Entertaining sequel to "The Jolson Story" with Larry Parks
C. Roberts | Halifax, Yorkshire, United Kingdom | 09/30/2001
(5 out of 5 stars)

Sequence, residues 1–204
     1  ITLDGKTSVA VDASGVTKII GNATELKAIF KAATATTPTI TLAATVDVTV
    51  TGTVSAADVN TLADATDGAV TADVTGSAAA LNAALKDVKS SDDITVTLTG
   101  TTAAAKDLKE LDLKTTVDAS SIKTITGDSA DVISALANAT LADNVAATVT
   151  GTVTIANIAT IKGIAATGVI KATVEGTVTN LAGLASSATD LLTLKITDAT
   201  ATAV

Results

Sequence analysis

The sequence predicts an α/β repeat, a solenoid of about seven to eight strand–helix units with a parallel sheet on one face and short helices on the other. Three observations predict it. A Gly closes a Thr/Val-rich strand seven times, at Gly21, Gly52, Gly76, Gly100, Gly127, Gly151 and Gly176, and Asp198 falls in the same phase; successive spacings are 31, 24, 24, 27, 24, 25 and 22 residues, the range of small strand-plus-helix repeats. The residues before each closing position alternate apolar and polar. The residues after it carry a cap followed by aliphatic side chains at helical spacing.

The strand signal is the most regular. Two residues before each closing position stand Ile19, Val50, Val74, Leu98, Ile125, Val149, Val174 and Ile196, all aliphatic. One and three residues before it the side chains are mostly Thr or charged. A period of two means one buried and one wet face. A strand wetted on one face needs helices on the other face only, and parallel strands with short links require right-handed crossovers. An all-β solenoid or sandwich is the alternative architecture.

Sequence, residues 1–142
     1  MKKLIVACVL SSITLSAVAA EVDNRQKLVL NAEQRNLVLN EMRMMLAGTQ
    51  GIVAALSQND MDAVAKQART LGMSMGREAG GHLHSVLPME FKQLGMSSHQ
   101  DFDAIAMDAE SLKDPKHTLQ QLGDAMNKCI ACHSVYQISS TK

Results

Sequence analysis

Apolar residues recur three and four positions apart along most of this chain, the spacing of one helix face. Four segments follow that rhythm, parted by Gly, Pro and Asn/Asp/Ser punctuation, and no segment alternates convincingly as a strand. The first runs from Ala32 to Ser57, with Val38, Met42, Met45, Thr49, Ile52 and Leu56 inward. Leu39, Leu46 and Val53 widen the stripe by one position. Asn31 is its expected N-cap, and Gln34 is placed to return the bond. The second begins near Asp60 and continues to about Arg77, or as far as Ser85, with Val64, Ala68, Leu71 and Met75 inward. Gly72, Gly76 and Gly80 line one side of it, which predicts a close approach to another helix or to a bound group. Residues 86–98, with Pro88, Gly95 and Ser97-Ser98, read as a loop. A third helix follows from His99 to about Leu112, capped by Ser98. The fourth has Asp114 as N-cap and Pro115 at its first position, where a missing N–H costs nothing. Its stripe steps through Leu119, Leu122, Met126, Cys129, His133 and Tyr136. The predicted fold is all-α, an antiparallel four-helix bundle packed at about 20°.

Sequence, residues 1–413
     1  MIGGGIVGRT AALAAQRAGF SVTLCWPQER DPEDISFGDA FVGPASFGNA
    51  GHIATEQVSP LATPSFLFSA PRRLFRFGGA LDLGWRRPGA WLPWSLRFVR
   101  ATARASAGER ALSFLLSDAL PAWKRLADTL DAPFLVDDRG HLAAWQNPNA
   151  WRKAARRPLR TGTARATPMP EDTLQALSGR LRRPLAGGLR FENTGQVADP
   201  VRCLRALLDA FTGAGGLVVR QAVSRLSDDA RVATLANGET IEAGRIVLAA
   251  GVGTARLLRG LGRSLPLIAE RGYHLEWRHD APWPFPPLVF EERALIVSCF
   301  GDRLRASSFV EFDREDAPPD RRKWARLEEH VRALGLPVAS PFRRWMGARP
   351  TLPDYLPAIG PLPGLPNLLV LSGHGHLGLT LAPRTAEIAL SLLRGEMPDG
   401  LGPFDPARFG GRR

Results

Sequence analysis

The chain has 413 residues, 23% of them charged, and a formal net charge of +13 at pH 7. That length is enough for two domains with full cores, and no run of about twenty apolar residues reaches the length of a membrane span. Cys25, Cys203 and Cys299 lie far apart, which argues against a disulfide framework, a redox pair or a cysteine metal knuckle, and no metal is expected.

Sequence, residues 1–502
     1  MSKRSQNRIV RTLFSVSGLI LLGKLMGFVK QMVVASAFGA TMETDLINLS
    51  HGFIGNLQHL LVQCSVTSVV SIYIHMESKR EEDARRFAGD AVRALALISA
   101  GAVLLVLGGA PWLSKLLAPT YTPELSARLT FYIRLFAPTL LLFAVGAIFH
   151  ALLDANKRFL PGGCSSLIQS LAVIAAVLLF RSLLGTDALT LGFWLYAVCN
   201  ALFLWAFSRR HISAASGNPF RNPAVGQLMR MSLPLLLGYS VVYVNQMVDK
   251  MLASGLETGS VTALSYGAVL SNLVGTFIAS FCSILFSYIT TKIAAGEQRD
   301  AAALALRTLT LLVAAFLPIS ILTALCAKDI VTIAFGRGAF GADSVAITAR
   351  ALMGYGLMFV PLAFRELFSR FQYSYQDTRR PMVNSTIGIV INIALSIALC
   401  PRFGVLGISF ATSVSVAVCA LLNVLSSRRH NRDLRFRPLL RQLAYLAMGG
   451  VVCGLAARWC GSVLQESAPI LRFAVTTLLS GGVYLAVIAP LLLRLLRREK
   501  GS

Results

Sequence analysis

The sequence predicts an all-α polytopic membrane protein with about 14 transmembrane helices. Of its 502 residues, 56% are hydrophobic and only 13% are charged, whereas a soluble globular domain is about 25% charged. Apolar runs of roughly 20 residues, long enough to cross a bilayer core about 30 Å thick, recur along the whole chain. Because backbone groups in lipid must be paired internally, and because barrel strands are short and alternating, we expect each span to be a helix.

""Jolson Sings Again" is a worthy sequel to "The Jolson Story" with Larry Parks repeating his amazing portrayal of the sensational Broadway entertainer Al Jolson. The film takes up where the original ended with Jolson singing in a night club then he goes home to find that his wife Julie (Evelyn Keyes) has left him. William Demarest is back once again as Steve Martin (Jolson's friend and manager) with Ludwig Donath and Tamara Shayne repeating their roles as Jolson's parents. Jolson is only happy when singing on stage to a live audience but finds that he is now no longer in demand and it is difficult to get work. Steve Martin tries hard to discover some Broadway producer who will put Jolson into a show but no one is interested. Jolson then volunteers to entertain the troops abroad and is one of the first of the big stars to do this. While on one of these Tours he meets Col. Bryant (Myron McCormick) who is a big Jolson fan. On another Tour Jolson contracts an illness and is taken to hospital. Ellen Clark (Barbara Hale) is a nurse at the hospital where he is recovering and they fall in love and get married. Jolson still pines to be singing again and Steve Martin manages to get him a spot in an all star benefit show. The show is extremely long and Jolson doesn't appear until the finale by which time many people have left. However, Col. Bryant is in the audience that night and he stays to the end specially to hear Jolson sing. Bryant is now a Hollywood film producer and phones Jolson after the show with an offer to make a film of Jolson's life story. Much of "Jolson Sings Again" shows the background to the making of the earlier film which is fascinating - particularly when Larry Parks (as Jolson) is introduced to Larry Parks (as himself)!! "The Jolson Story" became a smash hit putting Jolson back on top and he went on to even greater success than before with another biographical film a few years later continuing his story in "Jolson Sings Again".Some favourite lines from the film:William Demarest (to Robert Emmett Keane): "I'm not going back to that guy with some lame excuse that adds up to only one thing - he's not wanted. I can't do it Charlie, and you're not going to make me do it".Myron McCormick (to soldiers at Jolson troop concert): "I don't know what the name means to you. When I was your age it meant the world's greatest entertainer - Al Jolson".McCormick (to Parks as Jolson): "Meet a young fellow named Larry Parks".Barbara Hale (to Parks): "It's your right to hear those bobby soxers squeal".It is interesting to note that the storyline in both films was not entirely accurate and took a few liberties with the facts. Jolson's mother died when he was eight years old yet in the films she lives on to see him become a big success on Broadway and in talking pictures. Many people who played active parts in Jolson's real life story did not even get a mention in the film versions. His long time manager Louis Epstein, his dresser valet Frank Holmes and his brother Harry Jolson were all eliminated!! The character of Steve Martin excellently played by William Demarest did not actually exist and it has been suggested that this role was probably a composite of the three men referred to above plus several other people. Jolson's first two wives were not even mentioned in "The Jolson Story" and Ruby Keeler (Jolson's third wife) would not allow her name to be used in the picture so attractive Evelyn Keyes had to play the fictitious Julie Benson instead.Harry Cohn (the notorious head of Columbia Pictures) is to be congratulated for going ahead with Jolson's life story when all the other major Hollywood studios had turned it down. Even Warner Bros. (for whom Jolson had starred in several films) were not interested. Filming was started on a small budget and in black and white. When Harry Cohn saw the early rushes he decided to film in colour and make "The Jolson Story" a major prestigious production. This certainly paid off in a big way for him as the film became one of Columbia Pictures top money earners and led to this sequel "Jolson Sings Again". James Cagney and Danny Thomas were both offered the part of Jolson and surprisingly both of them turned it down! Jolson desperately wanted to play the leading role himself and was opposed to another actor portraying his life. Unfortunately for him the studio decided that Jolson was too old (he was 60 at the time of the first film) but Columbia could not have found anyone better than the young Larry Parks (31) who perfectly captured the Jolson style and threw himself into the part with relish. However, Jolson did manage to play himself in one scene of "The Jolson Story" singing "Swanee" on the Winter Garden runway (all filmed in longshot with no close-ups). A clip from this scene was also shown in "Jolson Sings Again" so he did manage to appear in both films after all. Following the completion of "Jolson Sings Again" Larry Parks only made another four films due to the McCarthy communist "witch hunt" which was a shame as he was a very talented performer. He died in 1975 but will always be remembered for these two magnificent Jolson films. It is remarkable that over 50 years after Jolson's death there is an active "International Jolson Society" still in existence which has hundreds of members worldwide and publishes regular illustrated journals. "The Jolson Story" and "Jolson Sings Again" are two of my favourite musicals and I can watch them over and over again."